They were the army of street volunteers, determined to stop dangerous drivers from rocketing through their village.
Armed with handheld speed guns, they hoped to rid the menace of unsafe motoring from their quiet rural streets.
But months after being trained, not one zap has been made in anger - and now they want answers.
Coun John Singleton, who represents Staining and Weeton on Fylde Council, has accused Lancashire Police of shunning volunteers in the villages who were trained in the use of the guns last year.
Coun Singleton says despite repeated requests for the volunteers to be given duties with the speed gun, their pleas have fallen on deaf ears.
He said: “In Weeton there are volunteers who have been waiting to be trained for four months and have not had any communication whatsoever from the police.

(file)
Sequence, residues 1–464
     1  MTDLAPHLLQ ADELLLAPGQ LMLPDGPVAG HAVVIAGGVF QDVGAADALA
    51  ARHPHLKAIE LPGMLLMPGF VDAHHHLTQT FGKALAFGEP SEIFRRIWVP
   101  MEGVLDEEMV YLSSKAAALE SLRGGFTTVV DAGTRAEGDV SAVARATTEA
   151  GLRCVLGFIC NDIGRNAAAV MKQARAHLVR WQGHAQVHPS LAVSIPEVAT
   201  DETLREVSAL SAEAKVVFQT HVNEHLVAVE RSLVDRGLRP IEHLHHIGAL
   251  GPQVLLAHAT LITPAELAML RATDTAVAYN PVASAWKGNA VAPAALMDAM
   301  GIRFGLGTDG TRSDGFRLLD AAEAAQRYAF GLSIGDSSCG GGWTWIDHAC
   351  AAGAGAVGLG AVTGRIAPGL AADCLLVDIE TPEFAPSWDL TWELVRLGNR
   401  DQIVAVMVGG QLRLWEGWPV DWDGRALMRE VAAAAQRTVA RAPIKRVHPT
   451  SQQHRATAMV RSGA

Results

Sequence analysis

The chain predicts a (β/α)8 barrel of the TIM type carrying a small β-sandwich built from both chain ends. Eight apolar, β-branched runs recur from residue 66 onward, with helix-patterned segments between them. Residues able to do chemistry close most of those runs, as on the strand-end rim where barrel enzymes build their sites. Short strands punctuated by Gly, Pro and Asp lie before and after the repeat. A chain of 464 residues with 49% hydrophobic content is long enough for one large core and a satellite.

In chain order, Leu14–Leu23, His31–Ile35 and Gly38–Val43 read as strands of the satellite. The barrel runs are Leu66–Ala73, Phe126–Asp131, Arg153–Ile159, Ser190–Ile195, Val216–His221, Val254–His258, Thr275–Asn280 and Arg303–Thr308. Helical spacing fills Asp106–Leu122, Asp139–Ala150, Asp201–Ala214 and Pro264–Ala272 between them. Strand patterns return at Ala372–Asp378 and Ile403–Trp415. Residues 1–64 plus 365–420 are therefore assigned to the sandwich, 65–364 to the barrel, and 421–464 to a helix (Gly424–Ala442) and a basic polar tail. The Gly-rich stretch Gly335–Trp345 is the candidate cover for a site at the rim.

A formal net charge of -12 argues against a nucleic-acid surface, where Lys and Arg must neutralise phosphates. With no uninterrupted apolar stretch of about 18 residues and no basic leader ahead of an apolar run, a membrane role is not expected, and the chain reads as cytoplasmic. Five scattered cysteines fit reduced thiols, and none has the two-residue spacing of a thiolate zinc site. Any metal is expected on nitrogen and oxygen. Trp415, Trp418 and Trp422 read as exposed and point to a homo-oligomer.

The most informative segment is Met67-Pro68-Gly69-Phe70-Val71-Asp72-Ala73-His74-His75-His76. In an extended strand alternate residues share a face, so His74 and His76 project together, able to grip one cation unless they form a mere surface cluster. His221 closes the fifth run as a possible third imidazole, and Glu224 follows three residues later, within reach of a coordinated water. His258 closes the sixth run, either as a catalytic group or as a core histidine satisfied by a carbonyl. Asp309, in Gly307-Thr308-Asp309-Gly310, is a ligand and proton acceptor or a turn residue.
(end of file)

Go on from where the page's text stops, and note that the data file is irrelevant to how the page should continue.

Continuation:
“We are still waiting.
“This lack of police support makes me wonder if this community involvement spin is just another public relations gimmick to make people believe that community effort really works.”
A survey by Lancashire County Council in October revealed just 3.5 per cent of drivers travelling through Staining adhere to the 20mph limit, and it was hoped the scheme would act as an effective deterrent.
A spokesman for Lancashire Police said no-one was available to comment specifically on Coun Singleton’s claims but said: “Road safety is a key priority for Lancashire Constabulary and we will always strive to listen to concerns from the local community and support the Road Watch scheme where it is required.
“We’ve had really positive feedback from local communities in the past and we very much want to continue to work with willing volunteers.
“If anybody has any concerns about the scheme then I would urge them to contact police.
“Residents are also encouraged to raise their concerns about speeding so that the police, together with local councils, can take appropriate action which may include additional mobile speed enforcement.”